Following the end of the Second World War, United rejoined the Irish League for the 1946-47 season, with Billy Reid appointed as manager at the beginning of May. However, he only lasted in the job until the end of October when he resigned, being unable to dedicate enough time to the management of the team, and the club resorted back to using a selection committee. The first competitive match after the war was a 2-1 victory over Distillery in the Gold Cup at the Ballymena Showgrounds.
Ballymena started the 1947-48 season with newly appointed manager, Bob McKay who was promoted from his role of chief scout, and he also had previous experience of management in the form of Dundee United. McKay managed to lead the sky blues to a third place finish in the league. An Irish Cup defeat against Linfield saw an attendance of 9,067 in the first round, after which Frankie Houghton departed to Newcastle for the sum of £6,000.
April 1948 saw United’s first competitive match outside of Northern Ireland, as they played Shelbourne of Dublin in the Inter-City cup. They travelled south of the border with a 4-1 lead from the first leg and progressed to the quarter final stage despite losing in Dublin, winning 4-2 on aggregate, where they crashed out to Shamrock Rovers losing 8-3 after the two legs.
Ballymena did win a trophy that season, however, in the form of the County Antrim Shield, beating Linfield 2-1, bringing the trophy to the Showgrounds for the first time in the club’s history.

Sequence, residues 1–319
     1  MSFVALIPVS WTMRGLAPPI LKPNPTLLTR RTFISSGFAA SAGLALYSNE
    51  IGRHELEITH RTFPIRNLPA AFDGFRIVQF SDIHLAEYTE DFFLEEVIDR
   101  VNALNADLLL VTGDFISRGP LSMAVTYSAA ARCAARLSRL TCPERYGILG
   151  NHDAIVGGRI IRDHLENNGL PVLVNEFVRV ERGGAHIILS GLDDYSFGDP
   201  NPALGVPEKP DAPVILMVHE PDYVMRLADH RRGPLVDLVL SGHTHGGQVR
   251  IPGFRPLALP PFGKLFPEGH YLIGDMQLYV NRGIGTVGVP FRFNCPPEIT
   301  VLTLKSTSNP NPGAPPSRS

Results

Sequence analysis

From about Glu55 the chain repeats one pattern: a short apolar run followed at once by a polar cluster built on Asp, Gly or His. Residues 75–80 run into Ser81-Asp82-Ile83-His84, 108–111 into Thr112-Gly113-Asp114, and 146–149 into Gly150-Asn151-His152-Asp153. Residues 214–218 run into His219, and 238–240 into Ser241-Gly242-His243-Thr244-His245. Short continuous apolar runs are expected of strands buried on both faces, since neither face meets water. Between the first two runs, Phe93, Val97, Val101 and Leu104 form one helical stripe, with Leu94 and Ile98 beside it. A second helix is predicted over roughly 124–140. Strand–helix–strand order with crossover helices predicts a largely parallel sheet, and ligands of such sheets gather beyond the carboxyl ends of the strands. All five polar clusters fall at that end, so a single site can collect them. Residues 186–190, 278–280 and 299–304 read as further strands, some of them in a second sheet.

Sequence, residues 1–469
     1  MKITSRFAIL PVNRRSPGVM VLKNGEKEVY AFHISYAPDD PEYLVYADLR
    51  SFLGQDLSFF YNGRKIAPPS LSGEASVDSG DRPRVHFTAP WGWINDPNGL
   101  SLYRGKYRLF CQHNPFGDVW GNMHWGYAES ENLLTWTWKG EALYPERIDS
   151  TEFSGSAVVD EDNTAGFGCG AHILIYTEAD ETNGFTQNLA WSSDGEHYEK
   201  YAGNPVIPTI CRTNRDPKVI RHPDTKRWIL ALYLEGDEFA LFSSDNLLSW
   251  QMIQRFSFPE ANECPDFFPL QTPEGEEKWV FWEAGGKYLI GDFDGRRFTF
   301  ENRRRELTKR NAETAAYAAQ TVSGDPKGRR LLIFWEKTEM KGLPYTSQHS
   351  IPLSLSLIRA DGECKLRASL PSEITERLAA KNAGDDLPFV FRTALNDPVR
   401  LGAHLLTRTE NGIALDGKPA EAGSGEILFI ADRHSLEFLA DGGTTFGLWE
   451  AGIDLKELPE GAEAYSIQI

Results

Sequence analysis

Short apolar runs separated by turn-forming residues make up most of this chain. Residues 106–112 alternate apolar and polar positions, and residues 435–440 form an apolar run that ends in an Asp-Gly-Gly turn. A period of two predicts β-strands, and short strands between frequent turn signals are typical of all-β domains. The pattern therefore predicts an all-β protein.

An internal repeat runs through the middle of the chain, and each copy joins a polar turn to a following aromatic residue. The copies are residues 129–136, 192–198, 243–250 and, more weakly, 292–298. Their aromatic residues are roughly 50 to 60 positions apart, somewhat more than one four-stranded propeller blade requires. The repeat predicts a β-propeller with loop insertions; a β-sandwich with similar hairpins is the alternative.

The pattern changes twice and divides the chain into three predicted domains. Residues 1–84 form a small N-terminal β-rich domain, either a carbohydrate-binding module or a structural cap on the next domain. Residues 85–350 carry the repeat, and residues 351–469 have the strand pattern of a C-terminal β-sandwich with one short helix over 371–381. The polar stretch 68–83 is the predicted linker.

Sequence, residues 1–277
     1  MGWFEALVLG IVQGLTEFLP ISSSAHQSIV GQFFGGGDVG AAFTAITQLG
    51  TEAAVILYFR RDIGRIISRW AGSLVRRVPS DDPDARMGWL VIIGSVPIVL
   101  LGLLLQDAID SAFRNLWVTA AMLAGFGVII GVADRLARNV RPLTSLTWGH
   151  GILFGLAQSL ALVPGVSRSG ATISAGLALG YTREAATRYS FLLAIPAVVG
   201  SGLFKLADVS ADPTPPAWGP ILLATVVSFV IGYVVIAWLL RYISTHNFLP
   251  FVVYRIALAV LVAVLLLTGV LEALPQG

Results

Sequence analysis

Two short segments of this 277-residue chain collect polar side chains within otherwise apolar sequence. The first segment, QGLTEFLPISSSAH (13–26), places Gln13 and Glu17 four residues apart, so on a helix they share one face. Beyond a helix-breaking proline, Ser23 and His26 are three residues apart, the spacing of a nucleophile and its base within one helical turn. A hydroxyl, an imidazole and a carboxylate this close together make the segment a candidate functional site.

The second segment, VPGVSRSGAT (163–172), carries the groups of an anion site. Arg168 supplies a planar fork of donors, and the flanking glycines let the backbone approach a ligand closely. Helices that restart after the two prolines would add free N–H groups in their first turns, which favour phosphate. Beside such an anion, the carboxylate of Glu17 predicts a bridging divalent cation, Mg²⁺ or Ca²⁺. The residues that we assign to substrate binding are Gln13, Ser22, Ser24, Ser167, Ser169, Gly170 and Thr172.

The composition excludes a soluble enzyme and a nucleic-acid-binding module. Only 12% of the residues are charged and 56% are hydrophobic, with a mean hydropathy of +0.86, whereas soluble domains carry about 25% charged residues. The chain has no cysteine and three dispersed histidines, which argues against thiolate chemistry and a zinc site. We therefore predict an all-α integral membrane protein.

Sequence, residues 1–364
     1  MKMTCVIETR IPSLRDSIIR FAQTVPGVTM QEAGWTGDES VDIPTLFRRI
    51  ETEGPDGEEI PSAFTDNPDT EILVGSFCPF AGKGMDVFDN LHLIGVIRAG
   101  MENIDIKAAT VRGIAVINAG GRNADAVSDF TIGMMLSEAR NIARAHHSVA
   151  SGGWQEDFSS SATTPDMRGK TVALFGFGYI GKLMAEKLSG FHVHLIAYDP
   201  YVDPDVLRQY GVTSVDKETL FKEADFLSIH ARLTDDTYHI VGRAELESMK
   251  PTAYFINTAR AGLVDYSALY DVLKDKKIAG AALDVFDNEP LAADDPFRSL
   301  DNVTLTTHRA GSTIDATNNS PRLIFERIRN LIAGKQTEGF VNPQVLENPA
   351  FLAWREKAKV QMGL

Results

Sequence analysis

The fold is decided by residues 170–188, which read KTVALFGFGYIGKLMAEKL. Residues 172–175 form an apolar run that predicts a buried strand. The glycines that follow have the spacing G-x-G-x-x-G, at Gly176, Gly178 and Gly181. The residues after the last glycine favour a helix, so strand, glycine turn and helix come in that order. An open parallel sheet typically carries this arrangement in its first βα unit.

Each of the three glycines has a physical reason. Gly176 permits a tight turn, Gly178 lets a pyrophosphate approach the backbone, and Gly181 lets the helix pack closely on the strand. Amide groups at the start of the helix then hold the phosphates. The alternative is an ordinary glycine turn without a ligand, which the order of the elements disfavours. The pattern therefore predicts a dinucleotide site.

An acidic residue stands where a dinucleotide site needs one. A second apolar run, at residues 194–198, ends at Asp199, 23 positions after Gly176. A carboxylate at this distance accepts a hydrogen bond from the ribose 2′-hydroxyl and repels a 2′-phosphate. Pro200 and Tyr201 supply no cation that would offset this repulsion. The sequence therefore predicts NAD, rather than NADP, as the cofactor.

Any optimism gained during that season was quickly quashed the next, as United fell to a disappointing tenth placed league finish and failed to make much progress in any of the cup competitions. McKay lost his job at the AGM following the season, as he accused board members of interfering with his team selections.
Norman Kernaghan was appointed as player-manager to replace McKay and in the 1950-51 season, Kernaghan’s second in charge, the club again won the County Antrim Shield, this time beating Cliftonville in the final, as well as reaching the final of the Irish Cup.
The following season the club achieved what they have found to be a hard task to manage, winning silverware for the second season running, a feat they have managed only one other time in their history. They won the Festival of Britain Cup, which was a one off tournament in place of the Ulster Cup, beating Crusaders 3-0 in the final in May 1952, with the trophy remaining in the Ballymena Showgrounds.
The club went through another lean spell after this season, though, and in 1955 the club launched an appeal asking for help clearing the clubs debts, the people of the town responded generously, and the club was able to clear their debts and still had a surplus to be kept by the club.